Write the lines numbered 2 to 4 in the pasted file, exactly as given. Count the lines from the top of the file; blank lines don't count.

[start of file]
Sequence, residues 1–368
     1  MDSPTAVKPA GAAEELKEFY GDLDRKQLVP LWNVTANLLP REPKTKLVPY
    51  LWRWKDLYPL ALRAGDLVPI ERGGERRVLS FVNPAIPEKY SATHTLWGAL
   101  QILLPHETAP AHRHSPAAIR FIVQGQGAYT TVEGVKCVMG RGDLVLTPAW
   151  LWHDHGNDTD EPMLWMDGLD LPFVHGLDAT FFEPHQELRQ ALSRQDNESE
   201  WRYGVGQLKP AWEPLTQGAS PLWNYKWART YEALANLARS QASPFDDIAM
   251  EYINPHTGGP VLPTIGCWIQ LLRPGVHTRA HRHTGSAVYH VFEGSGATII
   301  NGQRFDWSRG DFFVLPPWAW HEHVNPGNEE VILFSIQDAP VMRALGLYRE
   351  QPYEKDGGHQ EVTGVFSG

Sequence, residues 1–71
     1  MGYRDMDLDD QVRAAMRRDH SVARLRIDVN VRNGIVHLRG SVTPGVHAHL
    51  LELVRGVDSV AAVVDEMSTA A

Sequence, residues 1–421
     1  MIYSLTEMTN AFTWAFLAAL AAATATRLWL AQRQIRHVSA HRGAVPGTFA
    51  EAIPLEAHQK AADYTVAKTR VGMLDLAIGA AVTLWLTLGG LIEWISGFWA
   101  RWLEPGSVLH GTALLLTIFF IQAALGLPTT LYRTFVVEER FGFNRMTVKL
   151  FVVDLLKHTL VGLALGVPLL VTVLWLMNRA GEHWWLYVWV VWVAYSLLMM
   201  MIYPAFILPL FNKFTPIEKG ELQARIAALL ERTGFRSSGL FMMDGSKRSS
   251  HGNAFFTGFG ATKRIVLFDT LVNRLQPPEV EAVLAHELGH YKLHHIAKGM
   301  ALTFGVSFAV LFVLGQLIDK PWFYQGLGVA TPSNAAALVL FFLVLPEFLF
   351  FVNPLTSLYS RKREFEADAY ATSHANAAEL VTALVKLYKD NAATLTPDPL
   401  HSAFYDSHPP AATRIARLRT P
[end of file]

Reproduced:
     1  MDSPTAVKPA GAAEELKEFY GDLDRKQLVP LWNVTANLLP REPKTKLVPY
    51  LWRWKDLYPL ALRAGDLVPI ERGGERRVLS FVNPAIPEKY SATHTLWGAL
   101  QILLPHETAP AHRHSPAAIR FIVQGQGAYT TVEGVKCVMG RGDLVLTPAW